Our guest house, run by Choden and Chhimed Doijey, lies in Phukchung, at the edge of the national park. Meals are had in their adjoining family home and we gather around their hearth, revelling in its warmth. Food is integral to the Spiti home, and guests are warmly received in the welcoming space that is the kitchen, dining and living room all at once. In the days to come, we will partake of many meals around the bukhari or chaktap—the traditional stove with its chimney going up the roof—ranging from the thukpa, potato-stuffed momos and mutton soup to alu parathas, rajma chawal, instant noodles and more. I take a bite of the ornately shaped tingmo bread and down it with a shot of the potent barley arrack. Reeling from the latter’s intensity, my mind replicates the star-studded Himalayan night sky.
Chhurpi, the local cheese, is an essential ingredient in thukpa, formed when hung curd from the milk of a churn (a cross-breed of a yak and a cow) is kneaded and laid out to dry. In Demul, we watch Butith Dolma churn ghee from curd the traditional way, in a somchok made of juniper wood. She counts softly under her breath, turning and twisting the shuma, or wooden rod, with a leather strap to make a sloshing sound. On the 250th count, she heats the mixture and resumes activity; on the 500th count, the ghee rises to the top. The first offering is stuck onto the pillar to which the implements are attached. Called soktsel and used in the traditional butter tea, the ghee is then stored for a year. We are rewarded for our patience with femar, a mixture of ghee, sugar, barley and dried cheese. Milk and cheese apart, the yak’s wool is used to twine rope and weave beautiful woollen shawls and socks.
“A long-distance lover is like sunshine on the mountain,” goes the song that the young girls of Demul sing wistfully for us later that evening. Dressed in colourful shawls, headdresses and silver waist ornaments, they sing songs of sorrow and hardship, of happiness and peace; this oral tradition has been passed down generations of women. They clap their hands and dance in formation in a grassy clearing as boys from the village play the drums in accompaniment. The mountainscape behind them resembles a studio backdrop. The experience is sublime, almost spiritual. Spirituality is integral to the tiny population of about 14,000—entirely Buddhist—that lives in Spiti. The valley is a veritable constellation of gompas, or monasteries, like at Ki, Dhankar, Tabo, Kungri and others, all atop impossibly beautiful locations. The prominent ones like Ki and Dhankar house thangkas that are almost 1,000 years old, and a bedroom occupied by the Dalai Lama during his visits.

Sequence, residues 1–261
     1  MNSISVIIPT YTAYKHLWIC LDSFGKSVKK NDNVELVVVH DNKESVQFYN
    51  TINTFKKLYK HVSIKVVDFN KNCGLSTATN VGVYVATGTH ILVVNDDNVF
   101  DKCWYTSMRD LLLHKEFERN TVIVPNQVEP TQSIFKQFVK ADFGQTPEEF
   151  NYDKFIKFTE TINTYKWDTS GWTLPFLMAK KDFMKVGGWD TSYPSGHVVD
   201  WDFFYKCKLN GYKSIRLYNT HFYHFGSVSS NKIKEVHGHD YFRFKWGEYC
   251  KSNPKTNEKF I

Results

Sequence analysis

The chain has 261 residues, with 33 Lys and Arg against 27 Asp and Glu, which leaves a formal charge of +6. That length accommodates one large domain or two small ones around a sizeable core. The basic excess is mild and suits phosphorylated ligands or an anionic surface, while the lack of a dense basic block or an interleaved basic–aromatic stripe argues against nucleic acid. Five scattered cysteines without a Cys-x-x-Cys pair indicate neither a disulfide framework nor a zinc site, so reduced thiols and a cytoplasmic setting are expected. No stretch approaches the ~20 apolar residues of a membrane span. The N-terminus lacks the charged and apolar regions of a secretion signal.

Hie community is closely connected to the gompas—most families give their second son as a lama. Monks are highly revered and, interestingly, open to change. “Buddhism needs to keep up with the times,” says Takpa Loden of the Ki monastery, telling me that where entertainment was denied earlier, monks are now allowed access to TV and the Internet. In Pangmo, we spend the night in a nunnery and debate the notions of right and wrong with the young chomos (nuns). Spiti’s gompas hone the debating skills of monks and nuns, who are encouraged to question teachings and precepts. The flexibility of the religion adds to its appeal; they can even renounce monastic life should they be disenchanted with it. The blue-faced Medicine Buddha is an important figure in most monasteries; in Norbu’s house, an entire room is dedicated to this Buddha.
Spilling over with scrolls, medical scriptures and thangkas that go back several centuries, this room is where he meditates to invoke the spiritual powers granted to his family by the Medicine Buddha. Norbu belongs to a long line of Amchi physicians, and like his forefathers before him, he is training in Sowa-Rigpa, the ancient science of healing, which uses a profusion of powders made from the 1,000-odd medicinal plants and herbs found in the region. But the trained hydrogeologist has no ready antidote to the grim reality of climate change—the biggest threat faced by the region. “Do you see those mountain peaks? Those were covered with glaciers in our childhood,” he says, wistfully. For the first time in its history, Spiti has had no snowfall this year, making precious water even more scarce. It was under Norbu’s supervision that Ecosphere volunteers like Evert built an artificial glacier in Demul to channel springwater into lower-altitude springs.
Our trip ends in Komic, the highest village with a motorable road, where we visit the highest post office in the world at Hikkim. At 15,500ft, it’s also the highest I’ve been (barring that night of arrack). At our homestay overlooking the Chocho Khang Nilda peak,Tsering Lamo passes around a box of laddoos to celebrate the first birthday of her daughter, Chhukit Somo, before seeing us off. A trip to Spiti is far from luxurious. One goes there knowing that accommodation is basic, roads are bumpy, electricity can be erratic and mobile network and water, scarce. As we return to Kaza, we muse that if the roads were better, Spiti would see more visitors. To which Takpa Tanzin, our guide and companion, responds wisely, “To reach heaven, one must prepare for an arduous journey.”